You’ve decided that the time is here. Your child is ready. You’re ready. So what’s next?
First, make sure your attitude and expectations are in the right place. You should be feeling relaxed and positive. You should also understand that the learning process can take as long as six months or more, so eliminate any need to toilet train your toddler in a day. Just like learning how to walk, talk, or use a spoon – learning to use the toilet can, and should, be a gradual, pleasant experience for both of you. Before you even place that potty in the bathroom, it’s time to set up your supplies and do a little planning.
Deciding on your potty training approach
There isn’t one right way to potty train a child. There are many different approaches that can lead you to success. As you make decisions about how to embark upon this grand endeavor, consider these things:
- What is your child’s learning style? How has she learned other new skills? Does she observe and absorb before she tackles something, or does she dive right in and work her way through it? Is she a thoughtful listener or a hands-on doer?
- What things do you do that most encourage her to try something new? What actions bring the best results? Is your enthusiasm enough to get your child to attempt something new? Or do you need to convince and persuade her before she’ll give it a try? Will she do anything her older sibling or cousin does?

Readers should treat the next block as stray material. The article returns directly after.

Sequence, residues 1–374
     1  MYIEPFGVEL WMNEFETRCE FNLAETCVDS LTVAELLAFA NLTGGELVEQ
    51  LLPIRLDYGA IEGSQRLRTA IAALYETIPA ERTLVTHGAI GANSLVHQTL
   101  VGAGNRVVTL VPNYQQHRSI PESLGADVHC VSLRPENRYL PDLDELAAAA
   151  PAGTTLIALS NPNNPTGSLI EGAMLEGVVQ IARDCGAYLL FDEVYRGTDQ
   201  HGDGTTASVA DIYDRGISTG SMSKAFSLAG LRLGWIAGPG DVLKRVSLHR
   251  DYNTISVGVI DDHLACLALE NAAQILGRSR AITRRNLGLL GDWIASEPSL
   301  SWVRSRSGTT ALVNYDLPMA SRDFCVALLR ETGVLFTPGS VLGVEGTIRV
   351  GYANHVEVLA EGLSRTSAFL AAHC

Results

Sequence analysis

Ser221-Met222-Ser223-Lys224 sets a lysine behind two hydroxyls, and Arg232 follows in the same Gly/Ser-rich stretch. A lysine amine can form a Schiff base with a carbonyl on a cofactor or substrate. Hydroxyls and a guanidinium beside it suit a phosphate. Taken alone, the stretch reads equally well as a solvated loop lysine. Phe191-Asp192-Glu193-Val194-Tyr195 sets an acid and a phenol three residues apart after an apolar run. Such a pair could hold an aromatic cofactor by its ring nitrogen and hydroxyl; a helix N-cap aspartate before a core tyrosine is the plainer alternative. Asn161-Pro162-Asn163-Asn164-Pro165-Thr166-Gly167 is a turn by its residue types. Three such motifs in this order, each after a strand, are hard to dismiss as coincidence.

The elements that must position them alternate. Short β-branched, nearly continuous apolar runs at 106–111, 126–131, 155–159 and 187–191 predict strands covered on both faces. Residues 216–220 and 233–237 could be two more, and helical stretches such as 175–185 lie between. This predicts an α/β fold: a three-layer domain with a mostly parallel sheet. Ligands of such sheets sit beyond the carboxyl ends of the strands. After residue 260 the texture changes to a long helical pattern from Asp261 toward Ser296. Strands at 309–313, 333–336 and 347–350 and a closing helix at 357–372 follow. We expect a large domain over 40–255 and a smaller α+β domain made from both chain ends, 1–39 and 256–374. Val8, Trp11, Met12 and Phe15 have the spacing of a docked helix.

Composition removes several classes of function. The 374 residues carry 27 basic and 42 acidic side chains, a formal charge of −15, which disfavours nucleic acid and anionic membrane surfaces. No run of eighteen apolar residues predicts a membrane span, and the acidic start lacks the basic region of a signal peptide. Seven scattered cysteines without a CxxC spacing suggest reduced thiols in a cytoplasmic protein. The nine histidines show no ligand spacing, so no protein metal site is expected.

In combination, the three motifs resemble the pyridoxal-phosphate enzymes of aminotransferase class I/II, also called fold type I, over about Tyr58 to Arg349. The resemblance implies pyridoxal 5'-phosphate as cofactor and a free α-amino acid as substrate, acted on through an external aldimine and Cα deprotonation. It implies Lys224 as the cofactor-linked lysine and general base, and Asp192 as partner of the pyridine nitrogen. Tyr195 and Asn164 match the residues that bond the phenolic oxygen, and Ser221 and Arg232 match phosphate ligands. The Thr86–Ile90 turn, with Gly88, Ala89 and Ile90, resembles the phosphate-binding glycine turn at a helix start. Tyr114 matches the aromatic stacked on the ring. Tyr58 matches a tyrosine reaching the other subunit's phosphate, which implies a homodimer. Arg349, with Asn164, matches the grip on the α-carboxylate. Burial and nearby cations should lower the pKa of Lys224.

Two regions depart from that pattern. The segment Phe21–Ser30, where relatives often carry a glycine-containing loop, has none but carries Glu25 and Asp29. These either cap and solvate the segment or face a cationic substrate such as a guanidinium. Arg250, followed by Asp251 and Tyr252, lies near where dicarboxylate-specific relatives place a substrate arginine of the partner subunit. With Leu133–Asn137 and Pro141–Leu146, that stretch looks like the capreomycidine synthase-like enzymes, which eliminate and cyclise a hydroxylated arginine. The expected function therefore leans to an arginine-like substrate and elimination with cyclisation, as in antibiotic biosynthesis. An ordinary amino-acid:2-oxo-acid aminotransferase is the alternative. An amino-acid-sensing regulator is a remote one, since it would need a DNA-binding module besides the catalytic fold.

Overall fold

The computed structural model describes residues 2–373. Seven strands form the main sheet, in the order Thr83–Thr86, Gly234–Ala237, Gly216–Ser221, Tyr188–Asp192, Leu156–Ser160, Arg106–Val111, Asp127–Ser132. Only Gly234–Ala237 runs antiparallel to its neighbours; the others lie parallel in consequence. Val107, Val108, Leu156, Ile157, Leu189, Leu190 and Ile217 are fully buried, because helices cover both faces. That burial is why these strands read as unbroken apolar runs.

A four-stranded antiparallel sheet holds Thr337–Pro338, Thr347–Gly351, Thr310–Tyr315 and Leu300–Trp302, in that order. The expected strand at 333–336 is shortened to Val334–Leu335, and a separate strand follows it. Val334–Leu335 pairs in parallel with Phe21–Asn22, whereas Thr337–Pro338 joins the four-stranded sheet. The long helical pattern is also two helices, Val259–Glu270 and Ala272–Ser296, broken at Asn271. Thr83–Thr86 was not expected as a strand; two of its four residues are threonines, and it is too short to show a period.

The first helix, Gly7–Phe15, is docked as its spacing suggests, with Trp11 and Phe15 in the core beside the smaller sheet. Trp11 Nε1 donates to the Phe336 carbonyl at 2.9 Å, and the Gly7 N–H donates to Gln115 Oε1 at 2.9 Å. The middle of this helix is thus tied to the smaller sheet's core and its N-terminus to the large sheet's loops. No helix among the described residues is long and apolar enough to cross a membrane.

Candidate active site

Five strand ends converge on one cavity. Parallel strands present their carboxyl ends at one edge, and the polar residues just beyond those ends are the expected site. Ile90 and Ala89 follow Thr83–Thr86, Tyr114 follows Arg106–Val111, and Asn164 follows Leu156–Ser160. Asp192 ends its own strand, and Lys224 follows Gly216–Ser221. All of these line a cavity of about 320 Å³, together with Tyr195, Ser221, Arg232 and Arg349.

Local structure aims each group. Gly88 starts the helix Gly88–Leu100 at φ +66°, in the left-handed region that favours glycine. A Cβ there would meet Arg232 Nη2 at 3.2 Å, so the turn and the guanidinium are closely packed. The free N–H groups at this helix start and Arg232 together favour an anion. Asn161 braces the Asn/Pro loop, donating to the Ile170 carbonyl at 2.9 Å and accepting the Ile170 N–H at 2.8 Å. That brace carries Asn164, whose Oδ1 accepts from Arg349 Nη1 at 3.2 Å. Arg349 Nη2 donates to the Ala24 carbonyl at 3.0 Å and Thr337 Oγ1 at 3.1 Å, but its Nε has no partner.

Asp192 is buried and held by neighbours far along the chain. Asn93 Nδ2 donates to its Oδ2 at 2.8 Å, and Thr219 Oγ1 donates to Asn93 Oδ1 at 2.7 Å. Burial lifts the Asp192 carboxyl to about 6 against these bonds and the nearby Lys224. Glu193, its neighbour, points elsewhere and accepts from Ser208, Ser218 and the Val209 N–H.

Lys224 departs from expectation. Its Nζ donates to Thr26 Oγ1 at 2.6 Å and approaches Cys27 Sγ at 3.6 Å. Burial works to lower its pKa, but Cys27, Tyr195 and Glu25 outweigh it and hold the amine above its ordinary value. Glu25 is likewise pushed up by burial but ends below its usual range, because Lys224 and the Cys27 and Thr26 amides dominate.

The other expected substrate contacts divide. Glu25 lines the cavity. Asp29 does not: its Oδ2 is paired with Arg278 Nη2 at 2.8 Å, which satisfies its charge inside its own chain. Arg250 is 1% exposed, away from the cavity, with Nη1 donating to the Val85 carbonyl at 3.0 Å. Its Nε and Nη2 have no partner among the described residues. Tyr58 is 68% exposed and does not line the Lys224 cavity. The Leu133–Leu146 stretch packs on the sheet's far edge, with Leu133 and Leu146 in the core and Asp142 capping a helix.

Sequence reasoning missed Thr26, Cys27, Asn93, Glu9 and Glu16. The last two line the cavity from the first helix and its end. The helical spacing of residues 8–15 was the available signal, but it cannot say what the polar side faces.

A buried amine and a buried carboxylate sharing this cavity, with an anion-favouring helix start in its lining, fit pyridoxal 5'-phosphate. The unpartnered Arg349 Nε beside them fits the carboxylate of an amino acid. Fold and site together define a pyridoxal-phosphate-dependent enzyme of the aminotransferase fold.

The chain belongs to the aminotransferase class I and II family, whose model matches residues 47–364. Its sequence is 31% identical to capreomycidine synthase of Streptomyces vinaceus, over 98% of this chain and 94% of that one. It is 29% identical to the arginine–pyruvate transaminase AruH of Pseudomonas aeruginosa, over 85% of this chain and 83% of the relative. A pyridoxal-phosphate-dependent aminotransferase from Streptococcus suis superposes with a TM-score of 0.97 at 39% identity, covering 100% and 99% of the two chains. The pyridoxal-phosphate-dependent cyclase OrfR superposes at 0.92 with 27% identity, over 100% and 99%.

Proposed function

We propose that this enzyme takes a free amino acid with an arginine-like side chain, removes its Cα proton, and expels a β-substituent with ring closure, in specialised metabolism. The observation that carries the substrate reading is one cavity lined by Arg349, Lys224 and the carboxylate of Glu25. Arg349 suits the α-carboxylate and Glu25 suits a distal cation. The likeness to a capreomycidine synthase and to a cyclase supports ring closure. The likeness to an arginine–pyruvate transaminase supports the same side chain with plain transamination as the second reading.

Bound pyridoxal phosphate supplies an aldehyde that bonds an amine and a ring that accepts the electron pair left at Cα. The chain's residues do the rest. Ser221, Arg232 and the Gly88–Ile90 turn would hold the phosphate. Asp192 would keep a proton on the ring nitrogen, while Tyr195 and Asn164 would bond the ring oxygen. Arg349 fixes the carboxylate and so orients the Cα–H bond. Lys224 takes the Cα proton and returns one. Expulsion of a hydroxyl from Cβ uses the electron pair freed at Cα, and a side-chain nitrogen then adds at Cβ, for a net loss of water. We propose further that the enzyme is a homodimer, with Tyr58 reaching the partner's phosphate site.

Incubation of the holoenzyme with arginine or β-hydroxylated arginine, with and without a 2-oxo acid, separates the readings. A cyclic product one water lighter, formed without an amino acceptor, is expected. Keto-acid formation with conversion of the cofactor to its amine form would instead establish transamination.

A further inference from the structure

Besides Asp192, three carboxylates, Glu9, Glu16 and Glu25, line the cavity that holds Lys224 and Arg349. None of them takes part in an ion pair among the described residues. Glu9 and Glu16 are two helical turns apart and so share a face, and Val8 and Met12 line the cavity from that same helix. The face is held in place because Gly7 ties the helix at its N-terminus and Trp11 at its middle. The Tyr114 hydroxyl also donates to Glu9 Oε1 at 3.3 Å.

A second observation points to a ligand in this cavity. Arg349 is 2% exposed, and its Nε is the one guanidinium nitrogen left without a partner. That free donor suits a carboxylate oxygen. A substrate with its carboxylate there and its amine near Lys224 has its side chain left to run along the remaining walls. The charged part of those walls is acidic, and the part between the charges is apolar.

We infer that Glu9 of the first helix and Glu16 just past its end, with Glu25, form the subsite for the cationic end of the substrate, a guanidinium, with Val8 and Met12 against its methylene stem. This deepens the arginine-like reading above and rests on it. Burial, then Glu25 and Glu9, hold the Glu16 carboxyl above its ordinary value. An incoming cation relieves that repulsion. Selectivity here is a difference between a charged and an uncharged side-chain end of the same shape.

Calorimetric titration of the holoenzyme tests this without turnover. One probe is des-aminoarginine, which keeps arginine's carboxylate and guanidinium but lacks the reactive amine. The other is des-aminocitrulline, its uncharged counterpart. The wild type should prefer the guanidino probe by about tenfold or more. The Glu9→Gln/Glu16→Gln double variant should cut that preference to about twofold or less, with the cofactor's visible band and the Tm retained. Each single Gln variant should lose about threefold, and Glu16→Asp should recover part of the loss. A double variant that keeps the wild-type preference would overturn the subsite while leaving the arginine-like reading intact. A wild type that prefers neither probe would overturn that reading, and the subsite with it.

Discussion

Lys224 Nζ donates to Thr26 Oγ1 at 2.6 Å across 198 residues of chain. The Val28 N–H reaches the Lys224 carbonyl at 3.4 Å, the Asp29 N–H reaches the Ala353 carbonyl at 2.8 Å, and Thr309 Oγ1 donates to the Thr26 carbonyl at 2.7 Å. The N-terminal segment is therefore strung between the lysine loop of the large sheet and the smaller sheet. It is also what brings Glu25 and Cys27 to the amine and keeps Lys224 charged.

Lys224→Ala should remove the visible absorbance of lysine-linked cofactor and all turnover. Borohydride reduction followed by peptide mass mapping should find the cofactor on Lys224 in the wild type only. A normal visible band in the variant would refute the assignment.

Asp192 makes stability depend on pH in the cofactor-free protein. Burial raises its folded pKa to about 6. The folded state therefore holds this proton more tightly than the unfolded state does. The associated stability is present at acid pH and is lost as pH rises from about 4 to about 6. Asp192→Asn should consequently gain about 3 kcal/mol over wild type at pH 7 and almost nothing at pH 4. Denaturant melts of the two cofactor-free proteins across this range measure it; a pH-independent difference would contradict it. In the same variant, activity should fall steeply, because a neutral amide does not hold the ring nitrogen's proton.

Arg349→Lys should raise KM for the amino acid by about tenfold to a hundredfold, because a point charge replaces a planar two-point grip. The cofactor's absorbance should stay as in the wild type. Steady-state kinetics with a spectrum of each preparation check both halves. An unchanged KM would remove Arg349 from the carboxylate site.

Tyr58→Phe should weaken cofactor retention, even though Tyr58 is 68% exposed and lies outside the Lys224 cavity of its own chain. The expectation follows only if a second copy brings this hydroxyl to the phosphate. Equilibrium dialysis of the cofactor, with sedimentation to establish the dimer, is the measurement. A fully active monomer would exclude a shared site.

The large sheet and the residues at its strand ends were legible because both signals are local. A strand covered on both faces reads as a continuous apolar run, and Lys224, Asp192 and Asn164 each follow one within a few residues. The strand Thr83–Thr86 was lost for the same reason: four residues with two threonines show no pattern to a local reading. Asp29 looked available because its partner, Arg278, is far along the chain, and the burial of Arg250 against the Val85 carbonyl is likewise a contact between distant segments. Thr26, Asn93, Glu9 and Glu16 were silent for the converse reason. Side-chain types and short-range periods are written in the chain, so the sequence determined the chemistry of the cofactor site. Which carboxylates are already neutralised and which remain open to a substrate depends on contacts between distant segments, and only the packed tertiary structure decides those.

- What is your teaching style? Do you explain verbally before you show? Do you show step-by-step with commentary? Do you silently demonstrate? Do you set things up and let your child figure out what’s happening on his own?
- How much time do you have? Are you home all day with your child or home only part of the day? Will you have an uninterrupted chunk of time to get started, followed by snippets of time every day afterward, or will you be fitting training into bits of time in your already busy schedule?
- What are your goals? What do you think would be easier for you: changing diapers or assisting your child on the potty? Would you rather focus intently on potty training for a couple of weeks and move things along? Or are you content to coach and teach while you let your child set the pace, mastering one step at a time?
- Who will be the teachers? Will you potty train on your own, or will more than one person be involved in the training?
All of these issues will affect the toilet training experience. Taking some time to consider these points will help you plan the best approach for you, your child and your family.
Elizabeth Pantley is the author of the bestselling book The No-Cry Sleep Solution and 8 other books in the No-Cry Solution series, which helps moms and dads through all key stages of parenting. These tips are from The No-Cry Potty Training Solution.